Archive

Donations

wait
wait

 

Jeconiah had no sons
30 “Thus says the Lord,
‘Write this man down childless,
A man who will not prosper in his days;
For no man of his descendants will prosper
Sitting on the throne of David
Or ruling again in Judah.’”

Jeremiah 22:30  NASB

 

Jeconiah had several sons: one was an ancestor of Jesus.
17 The sons of Jeconiah, the prisoner, were Shealtiel his son,
18 and Malchiram, Pedaiah, Shenazzar, Jekamiah, Hoshama and Nedabiah.

1 Chronicles 3:17-18  NASB

12 … Jeconiah became the father of Shealtiel, …
Matthew 1:12  NASB

 

SAB Contradiction 246

 

Childless

Again a strange SAB Contradiction. The critic failed to see that “childless” in Jeremiah 22:30 is figurative language. A simile is used without “as”, which is an absolutely correct grammatical move: “Write this man down [as] childless”

 

Selective reading

The evidence is overwhelming that Jeconiah had sons. Not only in 1 Chronicles, but Jeremiah is also very clear about that. In the same passage (22:28) Jeremiah says: “Why have he and his descendants been hurled out; and cast into a land that they had not known?” KJV has rightly his seed. Can it be more clear? Why is the SAB critic leaving out this part of the text? It shows that he is not honest; he is only wilfully trying to blame the Word of God. That makes him overstepping the mark of fair argument.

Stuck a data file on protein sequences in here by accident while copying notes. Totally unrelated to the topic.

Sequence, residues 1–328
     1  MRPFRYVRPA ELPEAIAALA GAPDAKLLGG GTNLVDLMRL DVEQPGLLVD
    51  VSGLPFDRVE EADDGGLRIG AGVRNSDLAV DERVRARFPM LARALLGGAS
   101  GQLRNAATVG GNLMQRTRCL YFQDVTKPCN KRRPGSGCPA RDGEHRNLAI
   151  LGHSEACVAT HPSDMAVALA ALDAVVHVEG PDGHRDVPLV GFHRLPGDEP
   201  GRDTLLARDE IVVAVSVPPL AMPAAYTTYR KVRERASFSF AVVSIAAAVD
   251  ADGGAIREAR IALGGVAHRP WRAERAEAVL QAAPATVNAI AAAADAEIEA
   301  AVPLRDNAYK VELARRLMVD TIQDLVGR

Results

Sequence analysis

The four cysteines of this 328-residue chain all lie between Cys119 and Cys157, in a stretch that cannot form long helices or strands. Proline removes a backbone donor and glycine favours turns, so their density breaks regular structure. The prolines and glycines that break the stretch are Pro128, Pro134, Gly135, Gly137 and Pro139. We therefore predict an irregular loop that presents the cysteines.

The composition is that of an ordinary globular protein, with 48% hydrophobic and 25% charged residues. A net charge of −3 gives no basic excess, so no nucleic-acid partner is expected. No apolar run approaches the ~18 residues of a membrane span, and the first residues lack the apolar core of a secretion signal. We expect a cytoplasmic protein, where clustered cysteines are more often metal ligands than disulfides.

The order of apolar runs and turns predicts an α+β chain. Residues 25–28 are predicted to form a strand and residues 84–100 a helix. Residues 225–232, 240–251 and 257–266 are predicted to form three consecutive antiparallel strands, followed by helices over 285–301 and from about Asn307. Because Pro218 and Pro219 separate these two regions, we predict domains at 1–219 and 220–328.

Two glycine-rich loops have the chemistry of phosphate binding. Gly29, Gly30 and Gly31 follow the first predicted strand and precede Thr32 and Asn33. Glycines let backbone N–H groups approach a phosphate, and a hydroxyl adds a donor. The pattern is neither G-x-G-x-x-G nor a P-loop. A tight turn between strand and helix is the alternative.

Royal power coming to an end

Jeremiah goes on saying that “no man will prosper sitting on the throne of David,” (the clause ‘of his descendants’ is a translator’s insertion for explanatory reason). Nobody will sit on the throne of David. Can it be more clear? Royal power on the throne of David will come to an end on earth. That was the astonishing message of Jeremiah and not that Jeconiah lacked sons to sit on the throne of David. It is understandable that Jeremiah’s fellow citizens sometimes wanted to kill the prophet for his rigid words.

 

Link to Matthew 1:9

There is another example that a king was written down as childless in a genealogical list because of a matter of shame. In Matthew 1:9 after Joram three kings are missing: a son, a grandson and a great-grandson. Certainly because of the shame that Joram killed his brothers, six in number, as soon as he was king.

 

No Bible Contradiction